Radiodensity of Various Dental Biomaterials for Endodontics: The Role of Particle Size ZC40-ZC44
Dr. Mohammad Ali Saghiri, D.Eng., MS, PhD,
Director of Biomaterial and Prosthodontic Laboratory; Assistant Professor, Department of Restorative Dentistry, Rutgers School of Dental Medicine, New Jersey, USA.
Office: MSB C639A, Rutgers Biomedical and Health Science- 185 South Orange Avenue, Newark, NJ 07103, USA.
Introduction: The thickness threshold for detecting endodontic biomaterials depends on many factors, such as the nature of the radiopacifier and the particle size.
Aim: The aim of this study was to determine the effect of thickness on radiodensity of various endodontic biomaterials; and evaluate the impact of radiopacifier particle size on radiodensity.
Materials and Methods: This invitro study was conducted between August 2018 to December 2019. The study was divided in two parts, in first part, Six endodontic biomaterials (AH26, EndoSequence, Endoseal MTA, Nano-MTA, Endocem Zr, and MTA without radiopacifier) were selected and evaluated in different thicknesses, in second part, MTA mixed with Bismuth oxide 10 μm, 200 μm, 120 nm (Groups 1-3), and Zirconium oxide 5 Âµm, 1 μm and 20 nm (Groups 4-6) were placed in frames with 1 mm, 0.5 mm, 0.2 mm, 0.1 mm thicknesses to evaluate the radiopacity.
Results: The mean radiodensity was significantly different among various thickness (p<0.001) and materials (p<0.001). The changes of the radiodensity in various thickness from one material to the other were not uniform (interaction p-value <0.001). A 1 mm thickness had highest radiodensity (206.6±83.99), followed by 0.5 mm (68.9±24.6), 0.2 mm (17.9±4.9), and 0.1 mm thick material had least radiodensity (11.97±4.37). Materials of AH26 (99.1±103.2), Nano MTA (97.4±104.9), Endoseal MTA (87.86±101.4), Endosequence BC sealer (85.5±93.87) and Endocem Zr (71.88±77.67) were significantly different from the control group (16.38±10.85). The size of particles played important role in radiodensity (p<0.001). The radiodensity of Fine GIII (100 nm) material (112.68±108.47) was significantly higher than other materials: Thin GII (200 nm) (100.9±102.4), Fine GVI (20-40 nm) (99.7±95.1), Coarse GI (10 μm) (76.66±74.75), Thin GV (1~3 μm) (63.19±67.3), Coarse GIV (5 μm) (49.66±51.59) and MTA without Radiopaque Agent GVII (100%) (23.67±19.68). The effect of the thickness on radiodensity was different for each biomaterial, with significant differences from the control group.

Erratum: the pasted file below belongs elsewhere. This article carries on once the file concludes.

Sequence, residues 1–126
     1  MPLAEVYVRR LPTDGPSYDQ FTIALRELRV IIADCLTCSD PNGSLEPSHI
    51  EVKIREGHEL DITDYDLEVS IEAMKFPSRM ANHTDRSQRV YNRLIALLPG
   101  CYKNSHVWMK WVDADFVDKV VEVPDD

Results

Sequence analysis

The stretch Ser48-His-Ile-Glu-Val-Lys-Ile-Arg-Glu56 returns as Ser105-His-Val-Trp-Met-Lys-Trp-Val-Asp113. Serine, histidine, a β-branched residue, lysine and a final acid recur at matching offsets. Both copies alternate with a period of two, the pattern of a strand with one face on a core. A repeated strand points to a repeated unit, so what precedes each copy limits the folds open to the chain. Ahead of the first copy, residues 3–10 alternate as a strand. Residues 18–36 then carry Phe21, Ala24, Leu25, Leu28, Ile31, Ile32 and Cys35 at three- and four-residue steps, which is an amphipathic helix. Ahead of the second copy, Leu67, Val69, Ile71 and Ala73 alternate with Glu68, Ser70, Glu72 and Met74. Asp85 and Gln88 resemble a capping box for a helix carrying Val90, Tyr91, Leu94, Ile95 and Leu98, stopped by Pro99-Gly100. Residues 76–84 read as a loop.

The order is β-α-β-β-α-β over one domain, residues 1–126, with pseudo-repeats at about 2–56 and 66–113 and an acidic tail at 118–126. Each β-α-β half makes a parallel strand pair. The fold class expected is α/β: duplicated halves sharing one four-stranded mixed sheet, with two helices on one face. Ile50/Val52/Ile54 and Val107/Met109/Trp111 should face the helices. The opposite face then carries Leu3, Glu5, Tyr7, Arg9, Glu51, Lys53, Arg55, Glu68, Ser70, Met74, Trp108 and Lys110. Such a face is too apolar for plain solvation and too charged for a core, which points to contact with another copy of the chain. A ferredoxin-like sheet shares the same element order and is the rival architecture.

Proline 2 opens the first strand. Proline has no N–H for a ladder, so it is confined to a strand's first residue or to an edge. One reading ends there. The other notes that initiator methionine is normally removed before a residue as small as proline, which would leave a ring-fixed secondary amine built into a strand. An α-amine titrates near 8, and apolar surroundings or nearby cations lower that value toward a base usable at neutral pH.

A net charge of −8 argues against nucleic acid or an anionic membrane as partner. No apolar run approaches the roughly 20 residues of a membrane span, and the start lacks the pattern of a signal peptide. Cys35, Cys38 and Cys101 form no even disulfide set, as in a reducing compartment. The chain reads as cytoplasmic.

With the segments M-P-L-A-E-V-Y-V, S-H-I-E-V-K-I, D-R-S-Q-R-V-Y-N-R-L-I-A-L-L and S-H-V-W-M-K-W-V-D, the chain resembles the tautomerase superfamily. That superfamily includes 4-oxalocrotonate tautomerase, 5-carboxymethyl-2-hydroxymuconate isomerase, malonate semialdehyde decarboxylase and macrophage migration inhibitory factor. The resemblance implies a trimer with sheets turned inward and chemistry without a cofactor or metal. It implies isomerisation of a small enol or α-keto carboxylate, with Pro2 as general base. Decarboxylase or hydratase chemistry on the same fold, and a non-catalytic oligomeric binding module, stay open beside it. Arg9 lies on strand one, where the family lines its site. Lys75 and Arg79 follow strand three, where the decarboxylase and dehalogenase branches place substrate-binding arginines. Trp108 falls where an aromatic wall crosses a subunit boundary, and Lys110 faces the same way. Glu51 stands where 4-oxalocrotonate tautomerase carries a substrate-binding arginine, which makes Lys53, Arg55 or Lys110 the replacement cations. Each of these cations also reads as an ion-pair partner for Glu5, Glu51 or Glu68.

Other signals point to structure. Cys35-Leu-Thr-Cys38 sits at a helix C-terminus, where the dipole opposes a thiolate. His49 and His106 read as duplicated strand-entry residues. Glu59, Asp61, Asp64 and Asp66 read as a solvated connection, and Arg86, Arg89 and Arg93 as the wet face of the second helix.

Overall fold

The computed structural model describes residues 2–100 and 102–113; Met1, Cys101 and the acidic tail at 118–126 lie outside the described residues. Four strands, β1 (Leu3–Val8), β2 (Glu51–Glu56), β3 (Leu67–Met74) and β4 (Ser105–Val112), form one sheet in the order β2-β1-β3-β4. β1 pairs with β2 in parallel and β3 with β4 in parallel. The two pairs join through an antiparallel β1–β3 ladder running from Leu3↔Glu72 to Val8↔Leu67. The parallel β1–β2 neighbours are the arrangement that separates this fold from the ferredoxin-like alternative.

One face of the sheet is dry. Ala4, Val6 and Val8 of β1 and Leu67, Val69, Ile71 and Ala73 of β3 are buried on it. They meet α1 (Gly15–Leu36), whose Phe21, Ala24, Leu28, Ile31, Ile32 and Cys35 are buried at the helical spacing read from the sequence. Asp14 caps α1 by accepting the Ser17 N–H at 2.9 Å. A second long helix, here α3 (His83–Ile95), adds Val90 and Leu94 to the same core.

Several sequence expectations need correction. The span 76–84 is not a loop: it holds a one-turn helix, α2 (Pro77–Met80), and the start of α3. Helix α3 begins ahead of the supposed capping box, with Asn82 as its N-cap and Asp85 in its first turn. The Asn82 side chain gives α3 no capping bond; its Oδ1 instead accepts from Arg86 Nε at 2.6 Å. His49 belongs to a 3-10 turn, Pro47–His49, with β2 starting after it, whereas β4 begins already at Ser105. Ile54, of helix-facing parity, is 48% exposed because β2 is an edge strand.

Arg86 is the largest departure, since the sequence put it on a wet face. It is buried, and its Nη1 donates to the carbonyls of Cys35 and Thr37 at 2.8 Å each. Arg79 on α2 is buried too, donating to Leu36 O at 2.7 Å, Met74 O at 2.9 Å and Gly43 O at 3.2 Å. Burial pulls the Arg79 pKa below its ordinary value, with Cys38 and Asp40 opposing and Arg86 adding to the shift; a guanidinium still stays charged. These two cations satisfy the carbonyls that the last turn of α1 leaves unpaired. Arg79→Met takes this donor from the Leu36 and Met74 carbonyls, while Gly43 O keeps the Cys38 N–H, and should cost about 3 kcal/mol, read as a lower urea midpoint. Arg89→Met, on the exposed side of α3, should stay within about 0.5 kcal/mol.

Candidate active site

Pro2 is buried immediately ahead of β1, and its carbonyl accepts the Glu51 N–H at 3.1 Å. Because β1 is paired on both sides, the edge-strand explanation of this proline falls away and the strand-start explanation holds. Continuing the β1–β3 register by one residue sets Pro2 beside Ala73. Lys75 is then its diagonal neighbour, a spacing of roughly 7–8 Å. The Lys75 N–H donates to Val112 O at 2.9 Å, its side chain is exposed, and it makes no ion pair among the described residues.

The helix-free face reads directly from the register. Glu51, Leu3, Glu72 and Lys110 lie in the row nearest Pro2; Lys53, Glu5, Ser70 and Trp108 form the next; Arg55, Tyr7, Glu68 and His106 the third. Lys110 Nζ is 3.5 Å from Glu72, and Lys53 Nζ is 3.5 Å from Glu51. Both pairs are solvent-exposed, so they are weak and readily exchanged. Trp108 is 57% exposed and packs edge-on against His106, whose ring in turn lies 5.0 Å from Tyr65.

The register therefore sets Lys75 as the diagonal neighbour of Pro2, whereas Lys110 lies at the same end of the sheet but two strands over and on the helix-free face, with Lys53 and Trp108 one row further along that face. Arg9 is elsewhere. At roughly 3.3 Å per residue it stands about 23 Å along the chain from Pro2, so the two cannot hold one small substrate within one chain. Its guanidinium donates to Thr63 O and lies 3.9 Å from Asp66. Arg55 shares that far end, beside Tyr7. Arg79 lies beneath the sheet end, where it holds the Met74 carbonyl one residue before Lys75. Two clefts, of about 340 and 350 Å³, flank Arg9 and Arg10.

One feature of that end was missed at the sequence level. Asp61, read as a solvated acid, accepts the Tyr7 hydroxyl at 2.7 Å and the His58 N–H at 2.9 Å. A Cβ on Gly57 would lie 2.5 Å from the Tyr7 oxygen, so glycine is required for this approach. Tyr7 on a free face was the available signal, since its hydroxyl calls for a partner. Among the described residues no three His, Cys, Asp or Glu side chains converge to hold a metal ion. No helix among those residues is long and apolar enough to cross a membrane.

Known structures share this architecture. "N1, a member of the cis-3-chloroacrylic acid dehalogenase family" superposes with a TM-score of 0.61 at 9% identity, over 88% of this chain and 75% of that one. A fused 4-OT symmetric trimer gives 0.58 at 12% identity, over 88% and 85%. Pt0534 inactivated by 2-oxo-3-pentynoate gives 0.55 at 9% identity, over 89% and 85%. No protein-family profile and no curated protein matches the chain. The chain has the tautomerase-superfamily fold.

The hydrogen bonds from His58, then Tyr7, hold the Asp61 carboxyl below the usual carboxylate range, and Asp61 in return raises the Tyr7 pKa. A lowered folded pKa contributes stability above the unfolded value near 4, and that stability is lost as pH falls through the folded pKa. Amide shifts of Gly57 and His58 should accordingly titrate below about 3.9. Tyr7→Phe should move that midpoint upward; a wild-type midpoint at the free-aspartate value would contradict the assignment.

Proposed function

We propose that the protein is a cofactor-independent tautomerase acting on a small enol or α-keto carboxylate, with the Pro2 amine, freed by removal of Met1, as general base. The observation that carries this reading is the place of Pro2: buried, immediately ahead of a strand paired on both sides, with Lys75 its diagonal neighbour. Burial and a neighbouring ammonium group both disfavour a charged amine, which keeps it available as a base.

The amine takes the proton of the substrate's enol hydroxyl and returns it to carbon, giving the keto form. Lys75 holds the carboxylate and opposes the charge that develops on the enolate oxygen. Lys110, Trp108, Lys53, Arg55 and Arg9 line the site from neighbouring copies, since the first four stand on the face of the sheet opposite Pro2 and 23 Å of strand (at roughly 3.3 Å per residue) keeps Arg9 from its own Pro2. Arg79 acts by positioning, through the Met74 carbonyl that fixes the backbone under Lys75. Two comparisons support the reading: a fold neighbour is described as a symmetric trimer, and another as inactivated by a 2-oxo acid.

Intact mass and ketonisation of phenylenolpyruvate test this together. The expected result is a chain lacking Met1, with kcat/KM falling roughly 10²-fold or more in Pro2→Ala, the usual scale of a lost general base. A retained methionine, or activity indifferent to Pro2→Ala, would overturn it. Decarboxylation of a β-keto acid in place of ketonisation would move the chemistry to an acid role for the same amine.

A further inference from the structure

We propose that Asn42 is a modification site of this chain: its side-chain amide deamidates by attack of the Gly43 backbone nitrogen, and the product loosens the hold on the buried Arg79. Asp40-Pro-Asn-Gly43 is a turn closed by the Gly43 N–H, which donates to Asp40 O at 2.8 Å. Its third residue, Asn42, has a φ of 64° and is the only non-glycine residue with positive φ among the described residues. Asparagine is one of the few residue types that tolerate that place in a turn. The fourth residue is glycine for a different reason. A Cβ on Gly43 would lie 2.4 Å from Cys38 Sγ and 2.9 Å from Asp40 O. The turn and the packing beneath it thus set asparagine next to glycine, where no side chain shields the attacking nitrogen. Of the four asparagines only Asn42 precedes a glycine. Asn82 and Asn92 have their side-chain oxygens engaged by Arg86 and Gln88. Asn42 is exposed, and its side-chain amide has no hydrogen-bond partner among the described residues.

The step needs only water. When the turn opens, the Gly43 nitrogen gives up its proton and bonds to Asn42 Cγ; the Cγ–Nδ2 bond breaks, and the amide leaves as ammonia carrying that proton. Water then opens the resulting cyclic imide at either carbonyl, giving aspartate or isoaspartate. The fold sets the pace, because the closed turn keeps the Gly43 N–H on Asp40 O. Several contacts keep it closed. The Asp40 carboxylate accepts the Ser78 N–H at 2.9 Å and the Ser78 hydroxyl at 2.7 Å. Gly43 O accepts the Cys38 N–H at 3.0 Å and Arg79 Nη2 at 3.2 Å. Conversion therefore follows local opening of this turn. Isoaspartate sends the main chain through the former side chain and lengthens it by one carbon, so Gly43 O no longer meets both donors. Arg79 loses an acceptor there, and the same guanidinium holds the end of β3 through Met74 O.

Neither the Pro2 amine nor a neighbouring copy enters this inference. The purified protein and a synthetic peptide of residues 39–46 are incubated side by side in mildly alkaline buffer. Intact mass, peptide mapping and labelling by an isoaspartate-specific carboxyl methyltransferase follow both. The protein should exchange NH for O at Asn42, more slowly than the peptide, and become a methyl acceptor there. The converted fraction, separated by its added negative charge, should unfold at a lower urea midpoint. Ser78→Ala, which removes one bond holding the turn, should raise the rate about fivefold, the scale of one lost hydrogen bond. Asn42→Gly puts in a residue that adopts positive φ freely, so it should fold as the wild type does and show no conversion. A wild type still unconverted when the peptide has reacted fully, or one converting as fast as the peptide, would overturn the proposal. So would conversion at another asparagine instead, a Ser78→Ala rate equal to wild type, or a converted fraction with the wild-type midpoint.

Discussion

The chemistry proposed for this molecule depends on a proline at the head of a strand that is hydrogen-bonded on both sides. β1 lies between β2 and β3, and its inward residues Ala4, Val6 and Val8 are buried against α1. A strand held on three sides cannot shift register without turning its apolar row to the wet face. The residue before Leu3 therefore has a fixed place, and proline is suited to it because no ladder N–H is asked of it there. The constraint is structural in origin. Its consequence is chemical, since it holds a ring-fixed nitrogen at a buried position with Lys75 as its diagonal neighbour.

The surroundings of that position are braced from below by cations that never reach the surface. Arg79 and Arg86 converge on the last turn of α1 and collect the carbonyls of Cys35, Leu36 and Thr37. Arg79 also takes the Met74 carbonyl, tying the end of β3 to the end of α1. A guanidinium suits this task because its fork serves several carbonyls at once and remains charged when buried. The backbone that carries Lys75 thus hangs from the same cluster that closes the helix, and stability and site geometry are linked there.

Conclusion: One of the readily available methods for increasing radiodensity is to increase the amount of radiopacifier, which migh compromise the physical properties of the material. Fine particle radiopacifier (120 nm) with 1 mm thickness has significantly higher radiodensity than any other biomaterials in this study. Within the limitations of the current study, it can be concluded that the radiopacifier particle size has a significant impact on the level of radiodensity of dental biomaterials. Finding the optimum distribution, size, and geometry of radiopacifier particles within the same fraction rate can enhance the radiodensity.